The Wellington City Council and Director of Public Works Jeremy Jones discussed trash collection at its most recent meeting, last week.
The Council approved an ordinance on collection of refuse, which read that residents should furnish their own container with a tight lid "the size of which shall not exceed 45 gallons unless otherwise purchased or provided by the city."
Any containers at the time of passage of the ordinance in excess of 45 gallons shall be allowed to remain in service "provided all garbage is inside plastic bags that can be pulled out of the container and the container will not require lifting to be emptied."
Prior to the vote, Jones told the council, he had been helping trash collectors in the past few weeks "and I was astonished by the number of large automated cans and unfortunately the size and weight of these make it very difficult over the course of day after day after day. My fear is we’re going to wear people out" and they will go to different jobs.
A few days after the meeting, on the city’s website, Jones wrote, "Bagged trash will be picked up by sanitation crews and eliminate the need for customers to purchase smaller containers. The City Code has provided for the 45 gallon container limit since 1996 or before, but the number of large containers ranging from 65 to 96 gallons that are made for automated services has increased significantly in recent years. This has several negative impacts on the service, all of which increase the cost of the operation, most notably the increased risk of injury to workers. These costs would have to be passed on to the customer by raising the monthly fee which is an increase we do not wish to implement."
Two of the city’s four collection trucks have cart tippers and are capable of lifting large containers, but crews without cart tippers have to physically lift the cart, which is sometimes over 100 pounds, Jones wrote in his memo.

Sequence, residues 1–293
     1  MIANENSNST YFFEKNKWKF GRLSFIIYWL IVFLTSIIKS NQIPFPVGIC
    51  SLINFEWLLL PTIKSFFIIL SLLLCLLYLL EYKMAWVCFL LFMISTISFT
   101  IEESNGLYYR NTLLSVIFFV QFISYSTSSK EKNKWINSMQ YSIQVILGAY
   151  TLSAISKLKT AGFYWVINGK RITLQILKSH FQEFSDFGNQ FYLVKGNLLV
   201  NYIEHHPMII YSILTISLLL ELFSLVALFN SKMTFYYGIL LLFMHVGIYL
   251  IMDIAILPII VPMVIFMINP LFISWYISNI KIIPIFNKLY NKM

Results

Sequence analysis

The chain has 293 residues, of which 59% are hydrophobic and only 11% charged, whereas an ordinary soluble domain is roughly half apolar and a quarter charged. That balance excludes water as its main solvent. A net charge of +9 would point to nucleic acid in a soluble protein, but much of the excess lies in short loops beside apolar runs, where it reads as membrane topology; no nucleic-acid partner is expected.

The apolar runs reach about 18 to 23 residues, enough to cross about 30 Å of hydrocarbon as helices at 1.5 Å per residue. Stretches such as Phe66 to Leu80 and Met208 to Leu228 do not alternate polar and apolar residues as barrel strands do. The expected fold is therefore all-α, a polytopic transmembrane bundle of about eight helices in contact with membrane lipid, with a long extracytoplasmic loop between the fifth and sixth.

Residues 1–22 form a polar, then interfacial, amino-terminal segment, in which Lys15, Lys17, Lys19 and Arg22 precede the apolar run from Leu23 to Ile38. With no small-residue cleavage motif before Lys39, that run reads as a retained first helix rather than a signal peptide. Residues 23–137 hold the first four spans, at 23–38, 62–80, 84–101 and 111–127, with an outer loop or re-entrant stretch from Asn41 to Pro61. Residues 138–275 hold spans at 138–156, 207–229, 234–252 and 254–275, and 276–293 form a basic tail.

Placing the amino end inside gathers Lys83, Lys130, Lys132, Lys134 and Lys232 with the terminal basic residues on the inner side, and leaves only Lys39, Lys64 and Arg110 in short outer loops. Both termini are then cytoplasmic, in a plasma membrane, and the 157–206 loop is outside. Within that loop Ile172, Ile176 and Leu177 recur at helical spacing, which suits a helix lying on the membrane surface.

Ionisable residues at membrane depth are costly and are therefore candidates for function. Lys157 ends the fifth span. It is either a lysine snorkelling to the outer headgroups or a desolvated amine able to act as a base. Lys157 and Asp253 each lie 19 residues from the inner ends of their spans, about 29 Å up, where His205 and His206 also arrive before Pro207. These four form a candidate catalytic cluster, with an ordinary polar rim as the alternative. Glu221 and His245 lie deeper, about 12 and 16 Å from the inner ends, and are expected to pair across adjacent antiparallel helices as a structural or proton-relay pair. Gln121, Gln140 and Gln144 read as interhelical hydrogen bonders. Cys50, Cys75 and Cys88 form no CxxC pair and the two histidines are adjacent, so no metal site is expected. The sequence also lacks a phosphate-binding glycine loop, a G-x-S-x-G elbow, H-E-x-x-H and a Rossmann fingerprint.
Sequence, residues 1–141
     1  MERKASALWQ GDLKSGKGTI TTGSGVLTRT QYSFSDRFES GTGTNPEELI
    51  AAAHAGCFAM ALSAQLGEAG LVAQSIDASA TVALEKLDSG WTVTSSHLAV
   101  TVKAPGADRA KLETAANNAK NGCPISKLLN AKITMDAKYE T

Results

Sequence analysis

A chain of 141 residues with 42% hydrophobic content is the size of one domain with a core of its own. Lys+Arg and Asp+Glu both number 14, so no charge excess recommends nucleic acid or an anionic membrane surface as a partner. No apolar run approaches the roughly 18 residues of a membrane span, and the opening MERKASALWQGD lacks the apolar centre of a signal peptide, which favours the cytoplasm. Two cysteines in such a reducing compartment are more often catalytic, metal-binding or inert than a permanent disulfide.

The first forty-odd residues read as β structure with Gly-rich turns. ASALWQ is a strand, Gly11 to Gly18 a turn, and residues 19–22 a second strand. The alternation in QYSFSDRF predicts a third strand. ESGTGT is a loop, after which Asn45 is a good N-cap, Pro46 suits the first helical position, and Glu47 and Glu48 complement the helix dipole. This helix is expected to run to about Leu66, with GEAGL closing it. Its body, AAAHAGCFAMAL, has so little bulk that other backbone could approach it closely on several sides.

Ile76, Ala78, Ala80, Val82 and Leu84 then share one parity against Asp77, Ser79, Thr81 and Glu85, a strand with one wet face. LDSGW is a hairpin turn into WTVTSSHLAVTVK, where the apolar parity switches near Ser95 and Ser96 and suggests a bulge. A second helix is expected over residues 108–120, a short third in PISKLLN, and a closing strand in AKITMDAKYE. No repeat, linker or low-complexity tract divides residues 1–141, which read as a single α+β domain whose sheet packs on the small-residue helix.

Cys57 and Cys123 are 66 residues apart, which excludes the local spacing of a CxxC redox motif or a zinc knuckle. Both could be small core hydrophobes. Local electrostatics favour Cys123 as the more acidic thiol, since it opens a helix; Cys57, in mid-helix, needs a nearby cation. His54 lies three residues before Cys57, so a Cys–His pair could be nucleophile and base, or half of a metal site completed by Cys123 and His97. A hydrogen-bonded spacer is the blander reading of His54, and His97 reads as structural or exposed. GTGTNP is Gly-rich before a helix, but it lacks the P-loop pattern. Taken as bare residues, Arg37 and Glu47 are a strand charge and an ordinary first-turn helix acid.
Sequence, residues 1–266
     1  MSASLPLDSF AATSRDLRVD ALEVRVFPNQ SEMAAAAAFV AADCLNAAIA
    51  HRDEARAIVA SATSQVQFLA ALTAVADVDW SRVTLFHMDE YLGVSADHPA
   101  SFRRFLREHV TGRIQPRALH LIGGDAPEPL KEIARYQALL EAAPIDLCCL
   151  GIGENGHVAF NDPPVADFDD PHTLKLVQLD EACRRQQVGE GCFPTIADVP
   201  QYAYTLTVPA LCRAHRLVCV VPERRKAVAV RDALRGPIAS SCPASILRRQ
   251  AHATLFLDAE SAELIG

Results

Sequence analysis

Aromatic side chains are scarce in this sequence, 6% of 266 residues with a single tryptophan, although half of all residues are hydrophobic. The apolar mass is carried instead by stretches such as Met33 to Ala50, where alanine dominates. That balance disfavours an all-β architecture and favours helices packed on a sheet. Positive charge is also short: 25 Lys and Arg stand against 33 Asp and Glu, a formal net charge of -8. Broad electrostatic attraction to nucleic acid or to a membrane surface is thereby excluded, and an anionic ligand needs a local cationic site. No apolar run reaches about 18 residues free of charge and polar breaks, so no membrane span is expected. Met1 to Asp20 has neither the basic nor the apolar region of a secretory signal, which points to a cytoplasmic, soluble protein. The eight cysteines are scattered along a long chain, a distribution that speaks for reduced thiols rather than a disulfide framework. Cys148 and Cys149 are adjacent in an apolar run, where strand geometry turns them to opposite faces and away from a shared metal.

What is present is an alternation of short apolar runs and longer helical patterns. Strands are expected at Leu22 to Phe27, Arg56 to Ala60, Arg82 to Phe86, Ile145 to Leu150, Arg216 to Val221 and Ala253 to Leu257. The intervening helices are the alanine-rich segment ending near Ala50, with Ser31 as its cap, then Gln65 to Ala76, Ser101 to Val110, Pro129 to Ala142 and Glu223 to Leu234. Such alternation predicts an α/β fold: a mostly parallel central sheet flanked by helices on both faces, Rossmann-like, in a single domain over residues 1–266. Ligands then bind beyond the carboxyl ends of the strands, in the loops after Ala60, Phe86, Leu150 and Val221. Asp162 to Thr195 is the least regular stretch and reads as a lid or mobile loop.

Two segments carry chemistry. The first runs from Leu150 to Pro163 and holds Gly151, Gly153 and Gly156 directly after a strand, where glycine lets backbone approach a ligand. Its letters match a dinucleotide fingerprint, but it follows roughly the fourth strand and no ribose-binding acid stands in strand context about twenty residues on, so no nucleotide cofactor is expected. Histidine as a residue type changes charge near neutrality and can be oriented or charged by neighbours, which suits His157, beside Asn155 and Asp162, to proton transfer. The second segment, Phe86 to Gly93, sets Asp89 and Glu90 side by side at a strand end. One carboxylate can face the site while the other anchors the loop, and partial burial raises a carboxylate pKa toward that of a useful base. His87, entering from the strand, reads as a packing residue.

"It would cost approximately $20,000 to retrofit the remaining two trucks," Jones wrote. "This would be an unbudgeted expense and again have to be passed on to our customers."
The ordinance also contained a section referencing bulk items like furniture and appliances. The city is seeing a lot of these and have handled them by having the customer call the sanitation supervisor to discuss a special pickup and charge.
In other business:
The council approved raising Wellington Fire/EMS’s extrication fee and motor vehicle assessment fees. In a memo, Fire/EMS Chief Tim Hay said, "I estimate we would receive an additional $35,000 per year with these additional charges. Mediclaims has agreed to assume the billing of motor vehicle accidents.
Hay also said fireworks can be sold and discharged from July 1 through 4 from 10 a.m. to 10 p.m. On July 4, fireworks can be set until midnight. The public was asked to clean fireworks residue from the street and Hay urged people to leave fireworks wet overnight.
The council - at the request of Assistant City Manager for Utilities, Jason Newberry - approved a design contract with PEC for the sanitary sewer and waterline that needs to be extended to the future location of the BNSF Yard office east of town.
Council member Joe Soria expressed concern about people speeding around Wellington Lake.
"There are kids out there and all it takes is someon getting stupid behind the wheel and someone gets killed. Whoever is out there speeding, slow it down."
Soria also expressed frustration about people dumping trash and furniture in the country.
"To do something like that, it boggles me," Soria said. "If you’re going to drive by the landfill, why not dump it there?"